Henderson the Rain King

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Henderson the Rain King
HendersonTheRainKing.jpg
First edition cover
AuthorSaul Bellow
Cover artistBill Preston[1]
CountryUnited States
LanguageEnglish
PublisherViking Press
Publication date
February 23, 1959
Media typePrint
Pages341
Preceded bySeize the Day 
Followed byHerzog 

Henderson the Rain King is a 1959 novel by Saul Bellow. The book's blend of philosophical discourse and comic adventure has helped make it one of his most enduringly popular works.

It is said to be Bellow's own favorite among his books.

It was ranked number 21 on Modern Library's list of the 100 Best Novels in the English language.

Plot summary[edit]

Eugene Henderson is a troubled middle-aged man. Despite his riches, high social status, and physical prowess, he feels restless and unfulfilled, and harbors a spiritual void that manifests itself as an inner voice crying out I want, I want, I want. Hoping to discover what the voice wants, Henderson goes to Africa.

Upon reaching Africa, Henderson splits with his original group and hires a native guide, Romilayu. Romilayu leads Henderson to the village of the Arnewi, where Henderson befriends the leaders of the village. He learns that the cistern from which the Arnewi get their drinking water is plagued by frogs, thus rendering the water "unclean" according to local taboos. Henderson attempts to save the Arnewi by ridding them of the frogs, but his enthusiastic scheme ends in disaster, destroying the frogs but also the village's cistern.

Henderson and Romilayu travel on to the village of the Wariri. Here, Henderson impulsively performs a feat of strength by moving the giant wooden statue of the goddess Mummah and unwittingly becomes the Wariri Rain King, Sungo. He quickly develops a friendship with the native-born but western-educated Chief, King Dahfu, with whom he engages in a series of far-reaching philosophical discussions.

The elders send Dahfu to find a lion, which is supposedly the reincarnation of the late king, Dahfu's father. The lion hunt fails and the lion mortally wounds the king. Henderson learns shortly before Dahfu's death that the Rain King is the next person in the line of succession for the throne. Having no interest in being king and desiring only to return home, Henderson flees the Wariri village.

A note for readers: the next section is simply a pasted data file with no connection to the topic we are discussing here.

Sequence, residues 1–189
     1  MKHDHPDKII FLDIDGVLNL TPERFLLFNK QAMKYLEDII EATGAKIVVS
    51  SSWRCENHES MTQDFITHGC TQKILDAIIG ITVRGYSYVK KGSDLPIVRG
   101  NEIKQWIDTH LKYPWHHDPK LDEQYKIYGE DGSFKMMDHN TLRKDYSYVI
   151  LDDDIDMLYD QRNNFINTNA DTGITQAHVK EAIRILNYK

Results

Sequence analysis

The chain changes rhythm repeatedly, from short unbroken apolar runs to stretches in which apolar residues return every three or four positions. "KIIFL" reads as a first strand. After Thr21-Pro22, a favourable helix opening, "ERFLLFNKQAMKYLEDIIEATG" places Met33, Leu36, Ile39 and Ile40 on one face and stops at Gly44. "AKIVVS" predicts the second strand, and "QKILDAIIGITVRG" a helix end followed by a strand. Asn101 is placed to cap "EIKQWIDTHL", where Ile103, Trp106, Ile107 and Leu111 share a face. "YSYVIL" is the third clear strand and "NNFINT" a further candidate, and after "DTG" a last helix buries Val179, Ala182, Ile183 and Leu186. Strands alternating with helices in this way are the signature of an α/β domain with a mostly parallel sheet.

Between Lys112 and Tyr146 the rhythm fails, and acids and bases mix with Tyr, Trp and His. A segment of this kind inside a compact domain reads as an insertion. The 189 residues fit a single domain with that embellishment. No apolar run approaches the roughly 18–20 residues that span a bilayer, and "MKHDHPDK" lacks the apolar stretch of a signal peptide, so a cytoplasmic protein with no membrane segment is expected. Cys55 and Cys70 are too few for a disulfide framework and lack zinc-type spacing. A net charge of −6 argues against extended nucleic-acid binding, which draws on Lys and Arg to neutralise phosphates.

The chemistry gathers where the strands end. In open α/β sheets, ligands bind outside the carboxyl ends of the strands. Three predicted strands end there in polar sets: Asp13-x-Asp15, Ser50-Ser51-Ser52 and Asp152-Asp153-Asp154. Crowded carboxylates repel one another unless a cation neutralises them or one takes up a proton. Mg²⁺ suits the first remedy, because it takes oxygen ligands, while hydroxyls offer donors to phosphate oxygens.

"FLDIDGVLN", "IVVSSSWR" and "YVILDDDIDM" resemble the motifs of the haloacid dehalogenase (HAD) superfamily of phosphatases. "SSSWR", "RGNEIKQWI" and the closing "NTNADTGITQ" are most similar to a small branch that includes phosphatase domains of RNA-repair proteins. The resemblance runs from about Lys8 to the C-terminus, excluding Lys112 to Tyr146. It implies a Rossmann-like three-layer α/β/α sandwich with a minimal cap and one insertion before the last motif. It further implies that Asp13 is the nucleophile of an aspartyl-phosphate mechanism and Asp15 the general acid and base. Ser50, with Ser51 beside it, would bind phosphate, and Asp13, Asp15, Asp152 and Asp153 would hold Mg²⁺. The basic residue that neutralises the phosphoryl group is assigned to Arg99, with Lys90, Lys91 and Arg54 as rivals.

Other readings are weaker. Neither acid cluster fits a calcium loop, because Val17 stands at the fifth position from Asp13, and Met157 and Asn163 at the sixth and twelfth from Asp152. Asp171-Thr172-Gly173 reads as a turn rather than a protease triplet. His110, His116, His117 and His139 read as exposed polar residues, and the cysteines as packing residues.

Although it is unclear whether Henderson has truly found spiritual contentment, the novel ends on an optimistic and uplifting note.

Discussion[edit]

Henderson learns that a man can, with effort, have a spiritual rebirth when he realizes that spirit, body and the outside world are not enemies but can live in harmony.[2]

A week before the novel appeared in book stores, Saul Bellow published an article in the New York Times entitled “The Search for Symbols, a Writer Warns, Misses All the Fun and Fact of the Story.”[3] Here, Bellow warns readers against looking too deeply for symbols in literature. This has led to much discussion among critics as to why Bellow warned his readers against searching for symbolism just before the symbol-packed Rain King hit the shelves.

The ongoing philosophical discussions and ramblings between Henderson and the natives, and inside Henderson's own head, prefigure elements of Bellow's next novel, Herzog (1964), which includes many such inquiries into life and meaning.

As in all Bellow's novels, death figures prominently in Henderson the Rain King. Also, the novel manifests a few common character types that run through Bellow's literary works. One type is the Bellovian Hero, often described as a schlemiel. Eugene Henderson, in company with most of Bellow's main characters, can be given this description, in the opinion of some people. Another is what Bellow calls the "Reality-Instructor"; in Henderson the Rain King, King Dahfu fills this role. In Seize the Day, the instructor is played by Dr. Tamkin, while in Humboldt's Gift, Humboldt von Fleisher takes the part.

Scholars such as Bellow biographer James Atlas and others have shown that quite a few passages and ideas were lifted from a book entitled The Cattle Complex in East Africa (1926) written by Bellow's anthropology professor Melville Herskovits who supervised his senior thesis at Northwestern University in 1937.[4]

Pulitzer Prize[edit]

In 1960 the Pulitzer Prize committee for fiction recommended Henderson the Rain King be awarded the prize for that year. The Pulitzer board, which have final say over the awarding of the prize, overrode their recommendation and chose Advise and Consent by Allen Drury instead.[5][6]

Other media[edit]

References[edit]

  1. ^ Bound books - a set on Flickr
  2. ^ Walsh, 50 Plus One Great Books You Should Have Read, p. 194
  3. ^ Bellow article on symbols
  4. ^ Koy, Christopher (2008). ""The Reformulation of Ethnological Sources and Orientalist Discourse in Bellow's 'Henderson the Rain King'"". American and British Studies Annual vol. 1: 25–40. Italic or bold markup not allowed in: |publisher= (help)
  5. ^ McDowell, Edwin. "Publishing: Pulitzer Controversies." The New York Times 11 May 1984: C26.
  6. ^ Heinz Dietrich Fischer, Erika J. Fischer, Chronicle of the Pulitzer Prizes for Fiction (Munich: K.G. Saur, 2007), 21
  7. ^ Hilburn, Robert (1996-12-07). "Joni Mitchell looks at both sides now: her hits -- and misses". SouthCoastToday. Los Angeles Times. Retrieved 2016-09-19. I was reading Saul Bellow's 'Henderson the Rain King' on a plane and early in the book Henderson the Rain King is also up in a plane. He's on his way to Africa and he looks down and sees these clouds. I put down the book, looked out the window and saw clouds too, and I immediately started writing the song. I had no idea that the song would become as popular as it did.